The discussion of a carbon tax continues. Conservatives met recently in Washington, D.C., to debate the mertis of a carbon taxt at an event hosted by the R Street Institute and the Heartland Institute, featuring representatives with opposing viewpoints from four conservative think tanks.
A 2013 C2ES brief found that a carbon tax was one way to put a price on carbon emissions, reduce greenhouse gas emissions, and raise significant revenue for the federal government. A tax starting at about $16 per ton of carbon dioxide (CO2) in 2014 and rising 4 percent over inflation per year would raise more than $1.1 trillion in the first 10 years, and more than $2.7 trillion over a 20-year period. This revenue could fund a wide range of things, including deficit reduction, a reduction in statutory corporate income tax rates from 35 percent to 28 percent (often cited as a goal by both conservatives and liberals), and research and development into low-emitting technology. Importantly, such a carbon tax could also reduce CO2 emissions by 9.3 billion tons over 20 years.
Mayor Michael Bloomberg’s $20 billion plan to safeguard New York City against a future Hurricane Sandy and other climate risks is the most ambitious effort yet by any U.S. city to prepare for the expected impacts of climate change.
The mayor last week announced “A Stronger, More Resilient New York,” a comprehensive plan to protect communities and critical infrastructure, and proposed significant changes to New York’s building codes for new construction and major renovations that will help buildings withstand severe weather and flooding. Its 250 recommendations include building new infrastructure (like installing armor stone shoreline protection in Coney Island), changing how services are provided (like encouraging redundant internet infrastructure), and establishing standardized citywide communication protocols for use during disruptions.
I had the privilege of providing input to the new International Energy Agency (IEA) report, Redrawing the Energy-Climate Map. I am grateful that the IEA produced this special report, which endeavors to keep open the option of limiting global warming to 2 degrees Celsius by keeping the concentration of greenhouse gases below 450 parts per million (CO2-equivalent).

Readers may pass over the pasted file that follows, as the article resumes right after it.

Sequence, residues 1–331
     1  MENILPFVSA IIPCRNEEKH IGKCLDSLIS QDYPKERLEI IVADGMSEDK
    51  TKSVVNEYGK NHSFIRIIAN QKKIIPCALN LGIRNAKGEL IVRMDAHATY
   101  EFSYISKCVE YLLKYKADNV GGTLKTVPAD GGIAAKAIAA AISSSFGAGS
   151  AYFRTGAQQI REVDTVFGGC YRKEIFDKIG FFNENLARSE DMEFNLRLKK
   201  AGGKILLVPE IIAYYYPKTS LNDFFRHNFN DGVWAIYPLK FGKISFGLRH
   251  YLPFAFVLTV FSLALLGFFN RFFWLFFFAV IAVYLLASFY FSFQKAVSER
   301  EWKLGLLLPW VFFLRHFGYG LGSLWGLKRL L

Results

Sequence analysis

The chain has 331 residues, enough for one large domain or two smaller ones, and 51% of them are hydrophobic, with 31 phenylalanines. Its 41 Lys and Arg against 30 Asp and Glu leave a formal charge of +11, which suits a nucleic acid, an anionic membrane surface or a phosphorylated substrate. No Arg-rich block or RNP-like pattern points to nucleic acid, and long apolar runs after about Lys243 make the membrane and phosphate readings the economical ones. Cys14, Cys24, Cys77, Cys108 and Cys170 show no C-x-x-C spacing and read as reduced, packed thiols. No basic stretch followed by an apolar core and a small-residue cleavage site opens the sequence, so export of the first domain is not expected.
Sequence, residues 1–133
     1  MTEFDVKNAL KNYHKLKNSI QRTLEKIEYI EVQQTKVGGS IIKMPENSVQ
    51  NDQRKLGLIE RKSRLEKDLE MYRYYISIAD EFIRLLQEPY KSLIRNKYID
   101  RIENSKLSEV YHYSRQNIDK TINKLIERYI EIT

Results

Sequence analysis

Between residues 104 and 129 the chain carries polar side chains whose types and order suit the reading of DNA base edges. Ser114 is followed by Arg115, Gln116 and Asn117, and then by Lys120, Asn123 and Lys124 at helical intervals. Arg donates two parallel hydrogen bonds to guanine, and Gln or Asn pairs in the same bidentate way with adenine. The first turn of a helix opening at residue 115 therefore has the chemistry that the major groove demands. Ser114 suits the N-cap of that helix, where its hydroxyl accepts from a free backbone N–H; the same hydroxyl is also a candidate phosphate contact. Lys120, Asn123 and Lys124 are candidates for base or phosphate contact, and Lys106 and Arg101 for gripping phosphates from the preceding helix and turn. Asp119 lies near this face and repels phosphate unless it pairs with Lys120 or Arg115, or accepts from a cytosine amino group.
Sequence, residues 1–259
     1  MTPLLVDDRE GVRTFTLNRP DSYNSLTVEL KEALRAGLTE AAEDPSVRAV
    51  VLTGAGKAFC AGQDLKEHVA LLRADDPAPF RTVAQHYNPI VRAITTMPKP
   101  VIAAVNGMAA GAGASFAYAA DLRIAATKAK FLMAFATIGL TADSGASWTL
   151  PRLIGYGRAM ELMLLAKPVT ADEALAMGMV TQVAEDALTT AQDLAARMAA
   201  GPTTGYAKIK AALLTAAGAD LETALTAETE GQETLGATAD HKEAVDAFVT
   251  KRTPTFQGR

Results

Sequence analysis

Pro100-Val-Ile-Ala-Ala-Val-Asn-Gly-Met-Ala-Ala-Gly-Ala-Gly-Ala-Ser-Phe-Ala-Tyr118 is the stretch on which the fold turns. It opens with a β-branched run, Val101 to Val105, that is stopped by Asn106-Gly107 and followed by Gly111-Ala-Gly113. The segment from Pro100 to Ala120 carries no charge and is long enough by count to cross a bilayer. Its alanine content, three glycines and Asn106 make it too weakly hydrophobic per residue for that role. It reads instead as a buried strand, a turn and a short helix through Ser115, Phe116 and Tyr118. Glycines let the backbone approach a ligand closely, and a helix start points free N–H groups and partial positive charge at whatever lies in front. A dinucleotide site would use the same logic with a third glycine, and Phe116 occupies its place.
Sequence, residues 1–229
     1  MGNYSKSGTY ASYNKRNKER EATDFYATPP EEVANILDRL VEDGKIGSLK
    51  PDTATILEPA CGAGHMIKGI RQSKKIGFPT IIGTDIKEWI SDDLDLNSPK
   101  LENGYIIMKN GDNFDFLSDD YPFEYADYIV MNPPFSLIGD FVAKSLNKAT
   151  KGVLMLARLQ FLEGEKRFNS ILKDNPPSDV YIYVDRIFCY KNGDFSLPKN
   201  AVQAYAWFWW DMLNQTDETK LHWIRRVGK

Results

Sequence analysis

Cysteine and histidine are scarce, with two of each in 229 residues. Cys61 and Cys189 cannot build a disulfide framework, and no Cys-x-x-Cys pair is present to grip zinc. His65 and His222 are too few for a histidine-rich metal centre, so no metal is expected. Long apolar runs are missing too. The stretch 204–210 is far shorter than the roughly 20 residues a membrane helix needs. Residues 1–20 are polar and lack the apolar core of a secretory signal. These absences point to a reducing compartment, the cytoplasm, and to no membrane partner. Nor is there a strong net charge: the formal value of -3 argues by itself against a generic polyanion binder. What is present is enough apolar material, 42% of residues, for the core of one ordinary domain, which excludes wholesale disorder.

To many, the traditional 450 scenario published each year in IEA’s World Energy Outlook (WEO) appeared aspirational rather than practical, leaving influencers and policymakers with few realistic options. The modified 450 scenario, “4-for-2 ?C,” addresses this concern by recommending specific, actionable policies.
The informal summit between the presidents of China and the United States last week yielded one very one important climate-related agreement. After years of opposing international efforts to restrict hydrofluorocarbons (HFCs - a potent family of greenhouse gases), China has now agreed to cooperate with the United States and most other nations in moving forward to phase down the use of these chemicals under the Montreal Protocol.
The Montreal Protocol is the international treaty agreed to in 1987 that restricts the production and use of ozone-depleting substances with the goal of restoring the earth’s protective ozone layer. Widely hailed as the most successful international environmental treaty, it has been ratified by all 197 states. While not its primary objective, the treaty has also played an important role in reducing greenhouse gas emissions and now appears on track to play an even larger role.
While global greenhouse gas emissions continue to soar, U.S. emissions are back down to where they were in the mid-1990s. This decline is partly due to the economic downturn, but a key contributor has been electricity generators’ shift from coal to natural gas.